Art, music and culture events around the Tel Aviv area.

Tel Aviv skyscape 370 (photo credit: REUTERS)
Tel Aviv skyscape 370
(photo credit: REUTERS)
Musical accords The third annual Accordion Festival will take place tomorrow and Sunday at the Enav Cultural Center and Levontin 7 club in Tel Aviv (8 p.m. start both days).
The proceedings open with Vitaly Podolsky’s Triotrip project, with the stellar 43-year-old Ukraine born accordionist fronting a threesome that includes acoustic bass player Edmond Gilmore and drummer Ido Maimon. The show takes in a wide swath of musical disciplines and rhythms, including Cuban and Moroccan material heavily seasoned with tango and Celtic beats, rock ‘n’ roll and jazz.
The festival program is clearly designed to appeal to as wide a musical consumer sector as possible, with other celebrities on the two-day roster including 73-year-old accordion player Tuval Peter, who will join forces with singer-bass guitarist Yarona Caspi in a program of songs written by Sasha Argov.
Klezmer fans will, no doubt, be happy with the confluence between the high-energy Oy Division outfit and veteran accordionist Emil Kroitor, before things take a more visceral turn when the rock-infused Greedy Adam trio – of multi-instrumentalist Noam Inbar; singer, guitarist and bass player Adam Scheflan; and drummer-percussionist Ariel Armoni – hit the Levontin 7 stage.
For tickets and more information: (03) 574-5005, (03) 521-7763, (03) 560-5084 and
Ya’ari’s Leap Sharon Ya’ari’s new photography exhibition at the Tel Aviv Museum is not of a particular sunny nature, although his images are particularly arresting. The show, which goes by the name “Leap Toward Yourself,” features pictures taken by Ya’ari over the past 10 years which, he says, “described a melancholy state of tension between the ideal and the real.”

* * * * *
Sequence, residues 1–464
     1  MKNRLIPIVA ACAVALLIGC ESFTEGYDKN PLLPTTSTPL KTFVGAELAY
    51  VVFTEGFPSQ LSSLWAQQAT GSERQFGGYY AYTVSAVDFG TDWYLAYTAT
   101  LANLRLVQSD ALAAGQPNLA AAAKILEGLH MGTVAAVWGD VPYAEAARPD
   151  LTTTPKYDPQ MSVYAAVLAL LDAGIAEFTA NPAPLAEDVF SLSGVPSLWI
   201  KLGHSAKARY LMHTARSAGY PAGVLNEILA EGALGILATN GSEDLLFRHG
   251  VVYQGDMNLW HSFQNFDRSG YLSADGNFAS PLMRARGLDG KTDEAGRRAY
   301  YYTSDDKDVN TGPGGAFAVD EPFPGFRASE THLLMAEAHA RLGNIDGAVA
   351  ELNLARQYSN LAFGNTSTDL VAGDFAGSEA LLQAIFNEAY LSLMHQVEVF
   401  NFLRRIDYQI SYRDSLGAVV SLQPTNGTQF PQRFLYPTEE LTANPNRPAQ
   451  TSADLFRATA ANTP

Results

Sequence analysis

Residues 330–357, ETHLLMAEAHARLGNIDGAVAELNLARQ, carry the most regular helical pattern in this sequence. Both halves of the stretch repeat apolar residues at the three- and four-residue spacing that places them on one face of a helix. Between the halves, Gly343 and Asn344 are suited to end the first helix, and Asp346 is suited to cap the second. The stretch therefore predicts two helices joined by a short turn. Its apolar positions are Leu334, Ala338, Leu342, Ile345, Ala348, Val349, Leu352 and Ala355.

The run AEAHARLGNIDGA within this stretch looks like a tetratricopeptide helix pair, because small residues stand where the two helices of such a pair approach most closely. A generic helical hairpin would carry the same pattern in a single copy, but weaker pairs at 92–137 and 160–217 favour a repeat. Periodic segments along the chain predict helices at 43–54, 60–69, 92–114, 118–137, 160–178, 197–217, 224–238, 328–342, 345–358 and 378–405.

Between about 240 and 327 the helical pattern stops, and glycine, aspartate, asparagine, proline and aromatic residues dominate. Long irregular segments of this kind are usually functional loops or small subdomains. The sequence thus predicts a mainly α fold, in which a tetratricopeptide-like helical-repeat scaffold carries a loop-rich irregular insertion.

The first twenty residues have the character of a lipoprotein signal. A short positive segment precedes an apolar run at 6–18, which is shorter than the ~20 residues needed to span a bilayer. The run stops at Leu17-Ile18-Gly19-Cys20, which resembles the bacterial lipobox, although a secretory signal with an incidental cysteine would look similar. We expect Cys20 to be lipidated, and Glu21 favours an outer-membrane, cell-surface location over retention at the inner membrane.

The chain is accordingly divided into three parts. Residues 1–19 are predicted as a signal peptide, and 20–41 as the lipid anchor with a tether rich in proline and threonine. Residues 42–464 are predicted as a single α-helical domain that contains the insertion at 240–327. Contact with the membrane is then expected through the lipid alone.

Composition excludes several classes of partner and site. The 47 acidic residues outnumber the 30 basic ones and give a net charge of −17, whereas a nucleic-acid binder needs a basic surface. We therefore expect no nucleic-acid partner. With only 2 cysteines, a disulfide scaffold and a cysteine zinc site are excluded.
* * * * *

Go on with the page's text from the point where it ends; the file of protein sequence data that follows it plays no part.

The works exude a sense of transience in which reality ebbs and flows, whereby the known and the familiar are constantly swept away and replaced by new vistas and social mores.
But Ya’ari’s outlook is not totally bleak. His “Route 6” frame, for example, shows the highway leading to a new horizon where, possibly, good things await the observer.
“Leap Toward Yourself” will run until April 26, 2014.
For more information:
Orna Porat in Givatayim The Orna Porat Theater for Children and Youth will offer youngsters around 50 shows for their theatrical delight between November 28 and December 5.
This is the sixth edition of the annual Hanukka-time festival and takes in a wide spectrum of shows, including a number of premieres.
The latter include Haverim Al Hagesher (Friends on the Bridge), for ages four to seven, which tells the story of a couple of bosom buddies who fall out but rediscover their friendship with the help of a wise old carpenter.
The shows in the festival include plenty of music and dance. Halev Shel Shiraz (Shiraz’s Heart) certainly pertains to the song-and-dance category. The show was written by Tzruya Lahav, with lyrics by Rita and the playwright, and is directed by Moshe Kaptan and Oz Morag, with the latter also responsible for the choreography.
The play, which is aimed at ages five to 12, follows a Cinderellalike theme and conveys the importance of intent rather than outward experiences.
Other performances in the festival program include the Pitzpon Theater show for ages one to two-and-a-half, Bialik’s Garden for ages three to seven, and Little Mozart and Peter and the Wolf for ages four to eight.
For tickets and more information: (03) 732-5340 and
Flying in Jaffa The Arab-Hebrew Theater of Jaffa will host the premiere of The Simurgh tomorrow evening at 9 p.m.
The play, by poet-filmmaker Sigalit Banai, is presented in a spoken-word poetry format and feeds off book The Processing of a Sufi Legend, which was in turn inspired by The Conference of the Birds, by 12th-century Persian Sufi poet Farid al-Din Attar.
The book relates a legend in which 30 birds convene to decide who will be their king. Their quest leads them to the habitat of the phoenix-like simurgh – a mystical feathered figure in Iranian mythology – but when they get there, they only find a lake in which they see their own reflection.
The Simurgh is directed by Thierry Moral, with music by Alla Abu Amra, and is performed by French-born, London- and Paristrained Nelly Amar